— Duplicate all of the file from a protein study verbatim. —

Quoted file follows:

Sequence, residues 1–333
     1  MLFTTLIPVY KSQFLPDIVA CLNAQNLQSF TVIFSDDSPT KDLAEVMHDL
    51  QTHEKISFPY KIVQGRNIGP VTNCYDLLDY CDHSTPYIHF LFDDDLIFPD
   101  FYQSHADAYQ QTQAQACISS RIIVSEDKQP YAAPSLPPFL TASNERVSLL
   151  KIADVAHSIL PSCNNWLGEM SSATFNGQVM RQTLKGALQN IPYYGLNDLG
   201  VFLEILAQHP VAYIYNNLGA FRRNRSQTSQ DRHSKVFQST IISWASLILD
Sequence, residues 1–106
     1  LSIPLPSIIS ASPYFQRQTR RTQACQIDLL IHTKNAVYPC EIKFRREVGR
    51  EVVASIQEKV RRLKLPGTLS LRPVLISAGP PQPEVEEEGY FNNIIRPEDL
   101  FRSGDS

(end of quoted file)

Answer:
Sequence, residues 1–333
     1  MLFTTLIPVY KSQFLPDIVA CLNAQNLQSF TVIFSDDSPT KDLAEVMHDL
    51  QTHEKISFPY KIVQGRNIGP VTNCYDLLDY CDHSTPYIHF LFDDDLIFPD
   101  FYQSHADAYQ QTQAQACISS RIIVSEDKQP YAAPSLPPFL TASNERVSLL
   151  KIADVAHSIL PSCNNWLGEM SSATFNGQVM RQTLKGALQN IPYYGLNDLG
   201  VFLEILAQHP VAYIYNNLGA FRRNRSQTSQ DRHSKVFQST IISWASLILD
Sequence, residues 1–106
     1  LSIPLPSIIS ASPYFQRQTR RTQACQIDLL IHTKNAVYPC EIKFRREVGR
    51  EVVASIQEKV RRLKLPGTLS LRPVLISAGP PQPEVEEEGY FNNIIRPEDL
   101  FRSGDS